Balancing safety, risk in the debate over the new H5N1 viruses

agent and must be worked with under BSL-3 with enhancements. The BSL-3 designation is given to pathogens that can be transmitted through the air and can cause serious or fatal disease but for which treatment exists. Most facilities in the United States with infectious disease research programs have BSL-3 laboratories.

In addition, many hospitals have areas that can be operated at this level; these areas are used for isolating patients with highly contagious diseases. In contrast, BSL-4 is reserved for pathogens for which there is no known treatment and BSL-4 laboratory requirements are such that there are only four working BSL-4 laboratories in the United States.

Adolfo García-Sastre of the Mount Sinai School of Medicine argues that the H5N1 viruses in question may well be less pathogenic than they were before passage through ferrets, but they could still be quite dangerous, so preventing human exposure is crucial. He says, however, that the ultimate level of biosecurity, BSL-4, is excessive in this case and would stifle the pace of discovery. There are both therapeutics and vaccines available for H5N1, says García-Sastre, so he advocates for conducting the research in enhanced BSL-3 facilities, which he says offer the necessary security measures, including interlocked rooms with negative pressure, HEPA-filtered air circulation, and appropriate decontamination and/or sterilization practices for material leaving the facility.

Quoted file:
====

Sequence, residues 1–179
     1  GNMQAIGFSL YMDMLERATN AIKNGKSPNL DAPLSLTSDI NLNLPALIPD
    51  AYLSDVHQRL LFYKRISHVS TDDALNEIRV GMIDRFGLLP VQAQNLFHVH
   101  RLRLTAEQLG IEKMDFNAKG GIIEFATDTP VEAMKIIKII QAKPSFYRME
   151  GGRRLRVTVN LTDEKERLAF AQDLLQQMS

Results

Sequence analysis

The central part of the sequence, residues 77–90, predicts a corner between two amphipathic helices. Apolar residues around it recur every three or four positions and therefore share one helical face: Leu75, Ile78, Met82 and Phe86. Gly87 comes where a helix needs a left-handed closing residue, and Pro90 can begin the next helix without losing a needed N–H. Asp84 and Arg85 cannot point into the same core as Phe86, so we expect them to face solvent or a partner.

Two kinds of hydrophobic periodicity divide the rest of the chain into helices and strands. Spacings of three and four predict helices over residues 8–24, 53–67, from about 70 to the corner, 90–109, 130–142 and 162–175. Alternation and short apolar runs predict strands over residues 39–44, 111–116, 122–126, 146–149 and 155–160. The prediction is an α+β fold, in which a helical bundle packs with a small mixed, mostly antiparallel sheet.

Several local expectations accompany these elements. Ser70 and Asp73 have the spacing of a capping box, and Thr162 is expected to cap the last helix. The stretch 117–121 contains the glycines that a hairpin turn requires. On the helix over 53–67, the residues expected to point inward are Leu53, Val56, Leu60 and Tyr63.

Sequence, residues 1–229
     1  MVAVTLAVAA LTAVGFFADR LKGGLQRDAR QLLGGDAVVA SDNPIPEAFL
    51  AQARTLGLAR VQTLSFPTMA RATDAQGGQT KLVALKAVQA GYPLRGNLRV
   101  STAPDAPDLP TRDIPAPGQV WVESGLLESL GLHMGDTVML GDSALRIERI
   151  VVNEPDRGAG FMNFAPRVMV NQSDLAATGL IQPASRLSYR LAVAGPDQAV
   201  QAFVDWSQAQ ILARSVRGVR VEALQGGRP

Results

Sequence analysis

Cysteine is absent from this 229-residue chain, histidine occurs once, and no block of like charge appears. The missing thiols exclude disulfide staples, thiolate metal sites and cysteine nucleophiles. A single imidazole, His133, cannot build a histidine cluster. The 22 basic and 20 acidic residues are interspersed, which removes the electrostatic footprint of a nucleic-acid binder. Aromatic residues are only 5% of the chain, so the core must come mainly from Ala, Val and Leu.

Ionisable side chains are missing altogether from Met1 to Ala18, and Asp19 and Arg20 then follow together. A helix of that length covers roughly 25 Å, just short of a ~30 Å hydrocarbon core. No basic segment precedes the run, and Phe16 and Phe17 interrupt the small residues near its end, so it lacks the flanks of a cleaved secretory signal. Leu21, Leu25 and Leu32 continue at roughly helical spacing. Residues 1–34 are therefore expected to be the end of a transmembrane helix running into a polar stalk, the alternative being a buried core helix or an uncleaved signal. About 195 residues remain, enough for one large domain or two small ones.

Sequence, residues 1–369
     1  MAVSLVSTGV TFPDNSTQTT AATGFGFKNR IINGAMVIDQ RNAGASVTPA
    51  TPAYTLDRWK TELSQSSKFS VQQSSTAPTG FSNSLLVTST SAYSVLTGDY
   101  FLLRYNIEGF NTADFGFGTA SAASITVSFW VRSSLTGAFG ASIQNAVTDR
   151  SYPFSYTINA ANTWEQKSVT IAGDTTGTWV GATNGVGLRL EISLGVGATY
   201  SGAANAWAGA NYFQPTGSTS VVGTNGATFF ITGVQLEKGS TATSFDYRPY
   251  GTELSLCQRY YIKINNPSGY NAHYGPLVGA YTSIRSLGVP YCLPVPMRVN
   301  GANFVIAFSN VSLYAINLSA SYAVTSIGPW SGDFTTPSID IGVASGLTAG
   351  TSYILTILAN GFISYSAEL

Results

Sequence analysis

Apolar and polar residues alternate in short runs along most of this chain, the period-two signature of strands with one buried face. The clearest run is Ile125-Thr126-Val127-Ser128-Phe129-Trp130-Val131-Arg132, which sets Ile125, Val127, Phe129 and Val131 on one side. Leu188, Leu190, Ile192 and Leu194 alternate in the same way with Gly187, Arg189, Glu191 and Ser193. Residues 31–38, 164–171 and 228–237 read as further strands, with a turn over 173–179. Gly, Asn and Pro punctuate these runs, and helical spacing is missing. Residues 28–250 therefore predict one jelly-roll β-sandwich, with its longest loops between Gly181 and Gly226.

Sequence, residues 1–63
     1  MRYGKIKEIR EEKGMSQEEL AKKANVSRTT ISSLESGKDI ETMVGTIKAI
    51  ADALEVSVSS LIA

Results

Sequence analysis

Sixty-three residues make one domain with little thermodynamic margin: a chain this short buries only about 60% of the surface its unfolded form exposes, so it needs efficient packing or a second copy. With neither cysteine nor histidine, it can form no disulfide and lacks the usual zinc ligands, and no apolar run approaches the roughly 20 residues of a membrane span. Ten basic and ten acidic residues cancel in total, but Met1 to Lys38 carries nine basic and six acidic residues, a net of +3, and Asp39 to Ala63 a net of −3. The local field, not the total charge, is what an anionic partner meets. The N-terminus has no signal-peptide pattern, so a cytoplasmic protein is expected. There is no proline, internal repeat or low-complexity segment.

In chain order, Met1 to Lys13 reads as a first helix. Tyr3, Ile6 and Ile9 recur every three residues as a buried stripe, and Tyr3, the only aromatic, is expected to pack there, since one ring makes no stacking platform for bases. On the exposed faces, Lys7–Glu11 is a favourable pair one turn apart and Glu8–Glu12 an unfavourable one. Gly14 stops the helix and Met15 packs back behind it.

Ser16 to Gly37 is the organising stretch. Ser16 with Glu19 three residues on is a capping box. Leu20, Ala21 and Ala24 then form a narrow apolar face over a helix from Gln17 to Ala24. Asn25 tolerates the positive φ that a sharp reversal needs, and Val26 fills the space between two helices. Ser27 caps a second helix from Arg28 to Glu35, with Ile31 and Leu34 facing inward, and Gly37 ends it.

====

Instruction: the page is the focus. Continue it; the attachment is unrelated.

Michael Imperiale and Michael Hanna of the University of Michigan, on the other hand, make their case that the H5N1 viruses merit BSL-4 containment. Although H5N1 that cannot be transmitted from human to human would normally be handled in a BSL-3 facility, researchers changed the virus’s biosafety profile when they enhanced its ability to transmit between mammals. According to Imperiale and Hanna, the vaccine for H5N1 is not widely available, and drug resistance and a slow distribution system for antiviral drugs mean a small outbreak could never be contained.

Since the controversy began in December, H5N1 viruses and flu research continue to be the source of much debate. The release says that “mBio and the American Society for Microbiology present these commentaries as a means of fostering a discussion and eventually achieving consensus about H5N1 biosecurity that is based on the scientific facts surrounding the subject.”

— Read more in Adolfo García-Sastre, “Working Safely with H5N1 Viruses,” mBio 3, no. 2 (6 march 2012):e00049-12 (doi:10.1128/00049-12); Michael J. Imperialea and Michael G. Hanna III, “Biosafety Considerations of Mammalian-Transmissible H5N1 Influenza,” mBio 3, no. 2 (6 March 2012):e00043-12 (doi:10.1128/mBio.00043-12); Arturo Casadevall and Thomas Shenk, “Mammalian-Transmissible H5N1 Virus: Containment Level and Case Fatality Ratio,” mBio 3, no. 2 (6 March 2012)